Over the past twenty-seven years of my residence in Milledgeville, the ante-bellum capital of Georgia, I have found myself immersed (if not mired) in the history of this place. Officially I am the University historian of Georgia College, and unofficially have become a local historian. In the latter role I have visited sites both celebrated and obscure in Milledgeville/Baldwin County, but few have the unsettling effect that the Cline/O’Connor estate called Andalusia always has on me.
On the face of it, Andalusia is simply another survival of a local plantation—those reminders of the horrors of slavery and the wealth generated by the cotton boom. The farm is part of an antebellum plantation owned by a merchant and cotton grower named Joseph Stovall. Stovall’s townhouse still survives in downtown Milledgeville, a magnificent structure known as the “Thirteen Columns.” His plantation, three miles north of the capital, was comprised of 1,700 acres worked by at least 39 slaves. It ran along Tobler’s Creek, one of three Tobler’s Creeks in Georgia, the name variously attributed to an early German-Swiss family in the colony and also to a Creek Indian named Tobler. The plantation was little different than other local farms with names such as Westover, Little Creek, and Brookline. After Stovall’s death in 1848, the estate was acquired by Nathan Hawkins who worked it with 100 slaves. Many of these people were sold on the auction block located hard by the Presbyterian Church in town.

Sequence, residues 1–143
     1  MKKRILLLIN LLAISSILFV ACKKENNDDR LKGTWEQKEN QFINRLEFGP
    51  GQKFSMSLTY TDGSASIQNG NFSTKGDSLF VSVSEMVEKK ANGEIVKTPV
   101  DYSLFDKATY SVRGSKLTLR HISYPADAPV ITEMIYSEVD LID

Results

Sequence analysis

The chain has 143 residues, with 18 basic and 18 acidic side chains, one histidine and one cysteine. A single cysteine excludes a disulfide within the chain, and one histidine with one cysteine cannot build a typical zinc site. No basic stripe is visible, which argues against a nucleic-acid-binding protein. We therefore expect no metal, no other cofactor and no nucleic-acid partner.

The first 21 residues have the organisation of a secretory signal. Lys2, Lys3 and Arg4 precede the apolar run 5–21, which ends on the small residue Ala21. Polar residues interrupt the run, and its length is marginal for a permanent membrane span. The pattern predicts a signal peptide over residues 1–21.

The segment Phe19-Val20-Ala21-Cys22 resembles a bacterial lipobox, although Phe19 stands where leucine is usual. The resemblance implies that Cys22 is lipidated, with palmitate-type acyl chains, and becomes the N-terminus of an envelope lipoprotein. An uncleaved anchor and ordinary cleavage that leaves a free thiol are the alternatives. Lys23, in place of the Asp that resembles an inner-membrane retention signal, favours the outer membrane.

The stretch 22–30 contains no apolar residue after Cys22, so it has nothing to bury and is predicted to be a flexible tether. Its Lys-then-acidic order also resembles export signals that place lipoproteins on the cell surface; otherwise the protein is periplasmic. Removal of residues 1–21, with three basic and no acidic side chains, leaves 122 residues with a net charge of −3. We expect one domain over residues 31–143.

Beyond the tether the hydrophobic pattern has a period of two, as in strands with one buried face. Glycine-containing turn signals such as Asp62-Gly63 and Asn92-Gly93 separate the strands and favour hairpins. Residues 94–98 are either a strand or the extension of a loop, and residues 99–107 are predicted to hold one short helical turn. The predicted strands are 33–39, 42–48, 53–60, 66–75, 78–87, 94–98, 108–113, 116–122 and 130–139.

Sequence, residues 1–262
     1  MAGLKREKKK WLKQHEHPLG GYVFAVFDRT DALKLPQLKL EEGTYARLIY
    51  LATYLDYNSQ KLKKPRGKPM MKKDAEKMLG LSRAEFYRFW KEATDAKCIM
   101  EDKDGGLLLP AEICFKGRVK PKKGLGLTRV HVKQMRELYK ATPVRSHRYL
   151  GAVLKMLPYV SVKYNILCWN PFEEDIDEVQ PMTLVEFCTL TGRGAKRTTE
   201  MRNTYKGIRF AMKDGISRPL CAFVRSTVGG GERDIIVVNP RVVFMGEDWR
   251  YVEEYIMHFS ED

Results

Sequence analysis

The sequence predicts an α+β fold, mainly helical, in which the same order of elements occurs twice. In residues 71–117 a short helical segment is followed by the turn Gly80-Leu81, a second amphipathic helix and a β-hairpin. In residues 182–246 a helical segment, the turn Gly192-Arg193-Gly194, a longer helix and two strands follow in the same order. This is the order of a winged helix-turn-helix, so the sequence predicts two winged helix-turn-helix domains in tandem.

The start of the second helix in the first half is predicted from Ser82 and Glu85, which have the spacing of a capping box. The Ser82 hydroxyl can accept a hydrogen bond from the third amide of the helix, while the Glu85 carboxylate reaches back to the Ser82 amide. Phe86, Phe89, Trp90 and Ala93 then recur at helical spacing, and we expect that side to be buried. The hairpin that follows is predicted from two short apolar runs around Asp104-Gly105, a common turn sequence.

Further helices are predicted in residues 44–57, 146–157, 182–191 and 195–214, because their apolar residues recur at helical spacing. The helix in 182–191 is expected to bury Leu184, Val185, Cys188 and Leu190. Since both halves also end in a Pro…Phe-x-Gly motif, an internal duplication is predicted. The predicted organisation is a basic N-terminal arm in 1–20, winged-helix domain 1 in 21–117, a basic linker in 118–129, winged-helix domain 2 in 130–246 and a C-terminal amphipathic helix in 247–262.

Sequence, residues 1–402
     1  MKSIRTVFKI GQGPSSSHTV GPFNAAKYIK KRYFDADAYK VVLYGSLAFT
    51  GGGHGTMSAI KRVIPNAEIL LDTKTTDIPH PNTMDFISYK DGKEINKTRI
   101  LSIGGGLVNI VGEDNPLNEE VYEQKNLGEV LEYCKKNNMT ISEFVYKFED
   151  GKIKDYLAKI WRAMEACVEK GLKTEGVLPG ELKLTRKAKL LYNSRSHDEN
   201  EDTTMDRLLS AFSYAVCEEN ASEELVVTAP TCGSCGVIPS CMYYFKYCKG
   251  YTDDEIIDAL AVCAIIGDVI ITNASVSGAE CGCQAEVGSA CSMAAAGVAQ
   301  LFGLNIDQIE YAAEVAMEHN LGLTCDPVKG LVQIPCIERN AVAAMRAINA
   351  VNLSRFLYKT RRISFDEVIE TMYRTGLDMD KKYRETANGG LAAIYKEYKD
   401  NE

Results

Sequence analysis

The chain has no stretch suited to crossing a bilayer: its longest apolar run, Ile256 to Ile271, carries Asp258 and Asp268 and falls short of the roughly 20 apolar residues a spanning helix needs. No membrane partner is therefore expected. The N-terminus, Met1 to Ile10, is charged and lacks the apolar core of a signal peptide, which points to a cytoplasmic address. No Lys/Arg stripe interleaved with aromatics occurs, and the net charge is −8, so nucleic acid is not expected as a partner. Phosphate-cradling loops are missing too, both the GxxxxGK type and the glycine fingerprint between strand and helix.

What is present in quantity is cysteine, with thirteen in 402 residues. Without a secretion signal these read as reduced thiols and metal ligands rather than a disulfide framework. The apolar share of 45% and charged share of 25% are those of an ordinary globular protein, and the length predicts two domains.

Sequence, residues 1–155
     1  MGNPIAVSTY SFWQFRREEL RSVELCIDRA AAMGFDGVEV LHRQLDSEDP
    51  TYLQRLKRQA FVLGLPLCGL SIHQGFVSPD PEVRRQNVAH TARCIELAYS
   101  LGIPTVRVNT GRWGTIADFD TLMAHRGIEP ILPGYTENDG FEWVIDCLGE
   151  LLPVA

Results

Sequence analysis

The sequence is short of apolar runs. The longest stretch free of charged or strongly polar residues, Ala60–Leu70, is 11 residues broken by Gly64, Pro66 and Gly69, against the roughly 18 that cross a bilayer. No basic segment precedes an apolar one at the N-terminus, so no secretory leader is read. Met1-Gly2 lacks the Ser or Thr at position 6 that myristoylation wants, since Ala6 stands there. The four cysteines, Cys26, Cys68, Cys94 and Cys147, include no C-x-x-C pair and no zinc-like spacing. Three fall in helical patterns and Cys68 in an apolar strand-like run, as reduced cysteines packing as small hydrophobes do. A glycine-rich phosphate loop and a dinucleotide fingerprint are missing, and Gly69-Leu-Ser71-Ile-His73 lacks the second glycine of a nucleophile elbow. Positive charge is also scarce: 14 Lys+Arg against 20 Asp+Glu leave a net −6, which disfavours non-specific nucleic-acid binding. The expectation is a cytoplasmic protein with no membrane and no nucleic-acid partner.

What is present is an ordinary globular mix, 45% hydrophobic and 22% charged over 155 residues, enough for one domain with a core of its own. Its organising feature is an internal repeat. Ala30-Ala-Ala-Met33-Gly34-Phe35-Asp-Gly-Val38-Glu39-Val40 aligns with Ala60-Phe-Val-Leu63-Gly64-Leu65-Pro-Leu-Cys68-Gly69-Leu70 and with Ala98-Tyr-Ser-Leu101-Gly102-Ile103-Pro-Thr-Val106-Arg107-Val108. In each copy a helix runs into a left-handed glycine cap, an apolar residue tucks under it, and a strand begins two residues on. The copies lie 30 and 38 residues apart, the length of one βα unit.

I can easily imagine in the 1850s riding out in a cart, bumping along the old Sheffield Ferry Road to visit the Hawkins farm. He had just built a modest two-story frame house that would be occupied one hundred years later by Regina Cline O’Connor and her daughter Flannery. Other names associated with the old Stovall/Hawkins plantation, as it was broken up into smaller sections over the years, included Col. Thomas Johnson and the locally prominent McCraw family. The current part of the farm was acquired by Mary Flannery O’Connor’s maternal uncle, Bernard Cline in 1931.
I have visited so many of these old plantation sites over the years, some barely visible, others such as Westover that still have many of their outbuildings and landscaping largely intact. But Andalusia is different; unsettling in ways that are sometimes benign and other times not. Over time I have read most of O’Connor’s works and the strong sense of place that permeates them surely casts a spell. But even when I first visited the property, having read little of O’Connor, walking along the pond, out by the barns, stable, tenant house, milk house, and of course the main house, there was a quiet sense of something transcendent that sometimes stopped me cold. I love Andalusia, but I still often get the shivers when I visit.
|Stovall-Conn-Gardner House, "13 Columns" - Milledgeville, GA|
Robert J. Wilson III, Ph.D. has taught early American history at Georgia College since 1987. Ph.D., University of Massachusetts (Amherst), B.A. and M.A. from the University of Hawaii. He refers to himself as a Yankee, and hails from Niles, Ohio.